Nice 66 by rookie Hee Young Park to jump to T28 at -6. This is exactly the kind of course that plays to her biggest weakness--the tendency to erase good rounds with a horrible meltdown--so this will be a quite significant weekend in her short career. Same goes for struggling Super Soph Charlotte Mayorkas, whose 67 Friday vaulted her to T21. She's been passed by many of her classmates this year, dropping from 8th to 12th in my ranking. It'll be interesting to see who among Sandra Gal, Anja Monke, Jin Joo Hong, and Mayorkas--all at -7--can put together the best weekend.

Very fine 66s by Jane Park, Beth Bader, Erica Blasberg, and Carri Wood to get into a tie for 14th and put themselves among the 20 players who can win this thing with only a reasonably good weekend (2 rounds under 70).

Great to see Stacy Prammanasudh going 69-66 thus far this week. Despite her struggles this season, she's still ranked 7th in U.S. Solheim Cup points. It's about time she and Christina Kim gave Suzann Pettersen a serious run for the #2 position in the class of 2003; I didn't put their race among the LPGA's top rivalries, but I should have. I'll go out on a limb and suggest that Prammanasudh has better odds of winning than anyone else T9 at -9, including Jee Young Lee, despite my having decided to leave her out of my Pakpicker picks just a few short days ago. In fact, I'll go further and argue that it may well come down to Prammanasudh and Kim in the end. Here's my thinking.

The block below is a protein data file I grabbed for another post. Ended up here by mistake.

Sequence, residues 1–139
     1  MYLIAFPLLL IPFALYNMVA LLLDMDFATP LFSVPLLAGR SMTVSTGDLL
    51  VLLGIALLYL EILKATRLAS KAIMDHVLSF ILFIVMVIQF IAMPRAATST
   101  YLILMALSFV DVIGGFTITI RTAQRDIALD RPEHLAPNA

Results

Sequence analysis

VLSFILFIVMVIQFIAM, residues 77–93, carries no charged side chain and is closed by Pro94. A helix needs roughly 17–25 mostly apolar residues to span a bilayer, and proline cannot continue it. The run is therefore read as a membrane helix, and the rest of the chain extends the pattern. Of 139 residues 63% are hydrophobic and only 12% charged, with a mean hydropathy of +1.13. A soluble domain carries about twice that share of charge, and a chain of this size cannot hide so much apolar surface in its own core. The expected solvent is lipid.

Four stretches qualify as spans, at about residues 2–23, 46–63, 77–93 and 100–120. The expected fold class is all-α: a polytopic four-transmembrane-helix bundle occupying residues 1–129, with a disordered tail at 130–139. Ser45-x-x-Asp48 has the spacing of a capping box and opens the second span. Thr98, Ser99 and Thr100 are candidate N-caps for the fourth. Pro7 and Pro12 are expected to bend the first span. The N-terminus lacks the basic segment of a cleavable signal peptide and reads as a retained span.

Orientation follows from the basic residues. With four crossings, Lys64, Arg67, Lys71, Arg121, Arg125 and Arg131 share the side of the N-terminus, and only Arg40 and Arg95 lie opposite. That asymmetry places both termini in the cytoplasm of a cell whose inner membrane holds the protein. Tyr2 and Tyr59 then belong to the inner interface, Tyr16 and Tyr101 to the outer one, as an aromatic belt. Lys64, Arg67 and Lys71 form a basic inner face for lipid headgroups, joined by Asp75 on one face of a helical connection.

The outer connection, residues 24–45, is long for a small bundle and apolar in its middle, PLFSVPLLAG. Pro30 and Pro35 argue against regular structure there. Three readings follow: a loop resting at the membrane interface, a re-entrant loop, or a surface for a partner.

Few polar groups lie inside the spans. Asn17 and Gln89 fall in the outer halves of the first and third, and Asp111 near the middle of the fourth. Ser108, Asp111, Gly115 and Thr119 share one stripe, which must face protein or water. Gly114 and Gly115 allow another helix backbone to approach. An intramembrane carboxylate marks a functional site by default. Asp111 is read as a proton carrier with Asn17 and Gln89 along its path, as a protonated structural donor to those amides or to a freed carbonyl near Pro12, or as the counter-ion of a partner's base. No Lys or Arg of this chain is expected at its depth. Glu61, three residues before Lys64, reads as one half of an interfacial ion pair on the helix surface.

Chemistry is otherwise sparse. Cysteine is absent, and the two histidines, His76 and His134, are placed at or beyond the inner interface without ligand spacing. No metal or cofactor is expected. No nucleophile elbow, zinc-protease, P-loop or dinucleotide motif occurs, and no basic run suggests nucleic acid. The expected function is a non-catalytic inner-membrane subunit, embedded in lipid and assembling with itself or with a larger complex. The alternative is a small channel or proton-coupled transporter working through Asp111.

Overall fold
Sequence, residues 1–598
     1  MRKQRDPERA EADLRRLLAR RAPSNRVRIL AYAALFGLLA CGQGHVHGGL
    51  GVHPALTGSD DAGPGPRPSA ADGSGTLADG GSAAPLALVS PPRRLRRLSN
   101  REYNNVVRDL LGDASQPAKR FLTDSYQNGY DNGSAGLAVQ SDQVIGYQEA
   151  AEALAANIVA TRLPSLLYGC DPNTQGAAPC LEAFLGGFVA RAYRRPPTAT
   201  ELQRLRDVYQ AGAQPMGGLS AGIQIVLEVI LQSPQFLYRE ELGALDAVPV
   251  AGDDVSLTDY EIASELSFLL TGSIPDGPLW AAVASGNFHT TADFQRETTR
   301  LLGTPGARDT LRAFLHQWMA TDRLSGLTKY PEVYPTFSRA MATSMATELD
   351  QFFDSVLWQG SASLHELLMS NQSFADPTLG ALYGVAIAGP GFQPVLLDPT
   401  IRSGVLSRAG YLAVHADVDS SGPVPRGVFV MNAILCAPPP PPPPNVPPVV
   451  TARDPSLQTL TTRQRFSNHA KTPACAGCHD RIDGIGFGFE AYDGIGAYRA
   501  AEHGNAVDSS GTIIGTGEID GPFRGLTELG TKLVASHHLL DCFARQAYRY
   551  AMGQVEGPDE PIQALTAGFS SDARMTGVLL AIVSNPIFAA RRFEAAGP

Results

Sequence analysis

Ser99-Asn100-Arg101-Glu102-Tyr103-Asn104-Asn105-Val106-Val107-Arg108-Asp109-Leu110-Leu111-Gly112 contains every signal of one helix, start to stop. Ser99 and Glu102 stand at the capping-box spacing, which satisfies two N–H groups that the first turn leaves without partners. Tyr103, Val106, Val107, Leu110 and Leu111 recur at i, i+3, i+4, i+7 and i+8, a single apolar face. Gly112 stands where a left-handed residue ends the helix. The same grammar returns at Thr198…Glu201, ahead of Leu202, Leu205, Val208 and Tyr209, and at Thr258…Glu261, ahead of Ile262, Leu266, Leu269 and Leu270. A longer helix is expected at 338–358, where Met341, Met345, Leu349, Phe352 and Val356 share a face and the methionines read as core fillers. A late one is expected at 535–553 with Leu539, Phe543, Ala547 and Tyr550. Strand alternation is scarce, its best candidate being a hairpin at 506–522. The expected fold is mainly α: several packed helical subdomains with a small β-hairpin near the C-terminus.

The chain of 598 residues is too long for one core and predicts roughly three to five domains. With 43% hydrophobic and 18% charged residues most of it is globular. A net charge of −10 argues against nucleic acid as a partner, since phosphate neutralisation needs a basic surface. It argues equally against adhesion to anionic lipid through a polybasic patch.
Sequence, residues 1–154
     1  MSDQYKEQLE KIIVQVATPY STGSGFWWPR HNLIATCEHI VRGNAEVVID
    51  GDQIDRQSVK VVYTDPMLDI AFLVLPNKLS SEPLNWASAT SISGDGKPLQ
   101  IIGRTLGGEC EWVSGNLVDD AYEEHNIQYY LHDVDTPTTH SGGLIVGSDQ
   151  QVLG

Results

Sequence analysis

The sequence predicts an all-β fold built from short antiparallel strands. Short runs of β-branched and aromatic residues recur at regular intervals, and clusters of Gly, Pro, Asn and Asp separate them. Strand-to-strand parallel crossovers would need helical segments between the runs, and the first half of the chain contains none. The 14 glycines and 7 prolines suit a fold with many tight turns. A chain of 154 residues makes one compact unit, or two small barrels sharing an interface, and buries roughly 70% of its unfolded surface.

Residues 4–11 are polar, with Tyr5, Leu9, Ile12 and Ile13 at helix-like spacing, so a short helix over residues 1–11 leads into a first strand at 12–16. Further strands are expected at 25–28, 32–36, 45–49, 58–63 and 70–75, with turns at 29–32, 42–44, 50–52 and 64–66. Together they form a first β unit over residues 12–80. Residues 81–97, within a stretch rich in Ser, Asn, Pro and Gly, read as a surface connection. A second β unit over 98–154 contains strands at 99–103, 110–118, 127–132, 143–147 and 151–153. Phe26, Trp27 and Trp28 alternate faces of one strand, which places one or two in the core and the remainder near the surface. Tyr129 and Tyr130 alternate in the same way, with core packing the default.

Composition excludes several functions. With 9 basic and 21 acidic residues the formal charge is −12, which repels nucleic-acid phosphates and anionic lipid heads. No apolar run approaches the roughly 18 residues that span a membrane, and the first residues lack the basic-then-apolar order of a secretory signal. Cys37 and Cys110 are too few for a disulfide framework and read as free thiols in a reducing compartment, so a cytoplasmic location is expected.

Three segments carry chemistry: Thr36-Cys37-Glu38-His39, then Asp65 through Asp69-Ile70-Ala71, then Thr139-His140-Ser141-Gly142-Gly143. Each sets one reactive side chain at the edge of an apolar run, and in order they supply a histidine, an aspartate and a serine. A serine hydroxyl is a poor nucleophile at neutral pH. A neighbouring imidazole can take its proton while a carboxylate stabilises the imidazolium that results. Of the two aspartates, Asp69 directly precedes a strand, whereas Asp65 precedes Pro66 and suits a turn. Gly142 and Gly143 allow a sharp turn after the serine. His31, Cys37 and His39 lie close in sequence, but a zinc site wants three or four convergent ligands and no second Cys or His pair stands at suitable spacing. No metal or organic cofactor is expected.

I can't see vets like Eva Dahloff, Wendy Doolan, and Sherri Turner being able to take the heat, literally and figuratively, over the weekend. Sure, Sherri Steinhauer outgunned Kim last year, but the course conditions then (hard and fast) favored her style of play and she had been injury-free and playing great that season (because this week was unlike that one in all respects, I can't say I'm all that surprised to see her missing the cut). These vets just haven't been having seasons like Steinhauer's in 2007.